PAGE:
U.S. Mint officials knew before a Proof 2014-W National Baseball Hall of Fame gold $5 half eagle was received by Numismatic Guaranty Corp. for certification that the piece could not be a missing Mint mark error as some collectors suspected.
The possibility of a missing Mint mark error surfaced online April 14 when a collector posted on MintNewsBlog.com somewhat blurry images of the Proof gold $5 coin he had received from the Mint. According to the collector, the reverse showed no sign of a W Mint mark. The quality of the images, however, did not permit independent verification of the collector’s findings.
The report fueled speculation online about whether the U.S. Mint had released an error version of the gold coin. Coin World quickly queried the Mint on the subject.
Responding April 15 to Coin World’s inquiry of the day before, U.S. Mint spokesman Michael White said by email, “An examination of all 2014 National Baseball Hall of Fame $5 Gold coins’ dies (proof and uncirculated) reveals that all have W mint marks, and all first and last strikes of the 2014 National Baseball Hall of Fame $5 Gold Coins have W mint marks.”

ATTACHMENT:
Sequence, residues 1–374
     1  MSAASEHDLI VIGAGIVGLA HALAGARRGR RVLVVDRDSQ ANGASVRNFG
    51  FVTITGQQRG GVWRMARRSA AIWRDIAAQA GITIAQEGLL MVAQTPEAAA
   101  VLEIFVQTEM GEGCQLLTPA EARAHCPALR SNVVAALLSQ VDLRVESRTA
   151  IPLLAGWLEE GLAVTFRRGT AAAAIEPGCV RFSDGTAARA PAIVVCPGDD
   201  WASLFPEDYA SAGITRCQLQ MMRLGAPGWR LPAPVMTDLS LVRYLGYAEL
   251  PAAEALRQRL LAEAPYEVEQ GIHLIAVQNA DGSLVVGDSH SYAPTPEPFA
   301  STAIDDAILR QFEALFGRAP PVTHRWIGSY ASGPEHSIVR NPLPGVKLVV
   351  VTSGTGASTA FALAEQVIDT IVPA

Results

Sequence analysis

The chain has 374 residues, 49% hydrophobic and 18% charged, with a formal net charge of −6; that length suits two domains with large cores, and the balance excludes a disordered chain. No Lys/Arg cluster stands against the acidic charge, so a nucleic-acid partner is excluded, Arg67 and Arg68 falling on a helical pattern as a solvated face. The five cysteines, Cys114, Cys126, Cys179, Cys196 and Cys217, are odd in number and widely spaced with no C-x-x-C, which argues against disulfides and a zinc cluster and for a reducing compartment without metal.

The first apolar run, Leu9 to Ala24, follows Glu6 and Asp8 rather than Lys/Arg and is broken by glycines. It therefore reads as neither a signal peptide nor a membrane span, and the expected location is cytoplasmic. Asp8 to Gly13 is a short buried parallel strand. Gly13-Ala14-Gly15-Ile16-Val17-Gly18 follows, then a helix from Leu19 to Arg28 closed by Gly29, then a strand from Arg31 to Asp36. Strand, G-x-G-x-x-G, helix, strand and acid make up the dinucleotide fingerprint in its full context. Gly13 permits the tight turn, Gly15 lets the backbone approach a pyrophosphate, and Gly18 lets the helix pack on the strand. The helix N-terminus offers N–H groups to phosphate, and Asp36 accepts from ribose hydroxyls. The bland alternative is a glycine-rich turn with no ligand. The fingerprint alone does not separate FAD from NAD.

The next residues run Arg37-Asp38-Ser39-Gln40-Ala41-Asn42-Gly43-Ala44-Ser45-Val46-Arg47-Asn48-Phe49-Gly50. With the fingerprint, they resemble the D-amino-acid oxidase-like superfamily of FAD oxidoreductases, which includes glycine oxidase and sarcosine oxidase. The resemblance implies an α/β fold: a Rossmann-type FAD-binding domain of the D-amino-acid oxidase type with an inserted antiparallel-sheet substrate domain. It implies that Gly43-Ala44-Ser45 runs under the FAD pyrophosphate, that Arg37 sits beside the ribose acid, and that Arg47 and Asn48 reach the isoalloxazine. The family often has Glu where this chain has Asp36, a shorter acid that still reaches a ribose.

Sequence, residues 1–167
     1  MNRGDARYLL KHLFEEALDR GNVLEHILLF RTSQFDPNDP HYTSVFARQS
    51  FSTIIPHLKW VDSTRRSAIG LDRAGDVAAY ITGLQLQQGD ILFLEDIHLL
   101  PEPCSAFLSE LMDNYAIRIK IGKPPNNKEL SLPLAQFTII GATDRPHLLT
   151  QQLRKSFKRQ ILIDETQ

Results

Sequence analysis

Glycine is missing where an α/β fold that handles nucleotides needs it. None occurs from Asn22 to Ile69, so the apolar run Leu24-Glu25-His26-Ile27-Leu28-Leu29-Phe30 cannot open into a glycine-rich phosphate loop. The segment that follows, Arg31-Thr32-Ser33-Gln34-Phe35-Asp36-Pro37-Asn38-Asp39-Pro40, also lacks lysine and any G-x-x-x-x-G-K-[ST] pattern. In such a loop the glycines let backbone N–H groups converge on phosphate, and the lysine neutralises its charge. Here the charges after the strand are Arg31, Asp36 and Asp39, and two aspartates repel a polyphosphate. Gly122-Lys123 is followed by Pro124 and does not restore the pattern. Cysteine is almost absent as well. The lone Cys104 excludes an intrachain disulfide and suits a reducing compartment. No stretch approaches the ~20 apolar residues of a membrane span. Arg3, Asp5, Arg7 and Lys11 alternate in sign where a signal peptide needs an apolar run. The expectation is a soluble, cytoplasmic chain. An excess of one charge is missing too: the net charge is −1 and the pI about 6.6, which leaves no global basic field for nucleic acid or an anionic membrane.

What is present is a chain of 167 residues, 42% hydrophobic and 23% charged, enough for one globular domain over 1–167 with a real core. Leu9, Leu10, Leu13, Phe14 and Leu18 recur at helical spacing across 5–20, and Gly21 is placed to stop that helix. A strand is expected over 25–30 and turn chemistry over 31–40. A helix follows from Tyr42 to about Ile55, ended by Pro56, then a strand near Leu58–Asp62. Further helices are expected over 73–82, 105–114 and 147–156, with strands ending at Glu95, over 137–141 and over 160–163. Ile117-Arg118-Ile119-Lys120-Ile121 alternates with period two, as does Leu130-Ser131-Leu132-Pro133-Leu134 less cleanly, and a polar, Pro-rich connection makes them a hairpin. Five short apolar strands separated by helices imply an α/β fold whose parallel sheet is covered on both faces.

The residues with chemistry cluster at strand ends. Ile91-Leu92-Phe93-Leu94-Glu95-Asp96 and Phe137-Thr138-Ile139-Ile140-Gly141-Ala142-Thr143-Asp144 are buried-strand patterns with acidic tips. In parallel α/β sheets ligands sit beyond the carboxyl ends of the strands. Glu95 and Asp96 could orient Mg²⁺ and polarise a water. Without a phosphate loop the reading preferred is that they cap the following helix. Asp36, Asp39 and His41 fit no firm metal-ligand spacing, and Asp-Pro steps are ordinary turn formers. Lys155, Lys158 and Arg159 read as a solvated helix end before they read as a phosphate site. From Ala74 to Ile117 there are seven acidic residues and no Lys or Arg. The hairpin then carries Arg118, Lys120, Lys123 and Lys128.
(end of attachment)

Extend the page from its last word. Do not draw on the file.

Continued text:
White emphasized April 22 that the examination comprised all dies used to date for production as well as unused working dies.
White did not disclose the total number of Proof and Uncirculated $5 gold obverse and reverse dies manufactured for coin production.
NGC officials confirmed April 21 that the Proof $5 gold Baseball commemorative coin the grading service had received April 18 for examination, attribution and grading as a missing Mint mark error does bear the W Mint mark for the West Point Mint in the proper location on the coin’s convex reverse.
The Mint mark appears in the lower left field to the left of the baseball stitches.
The coin was subsequently graded NGC Proof 70 Ultra Cameo, according to the grading service.
What’s the possibility?
Image above left, courtesy of U.S. Mint; image above right, courtesy of MintNewsBlog.com.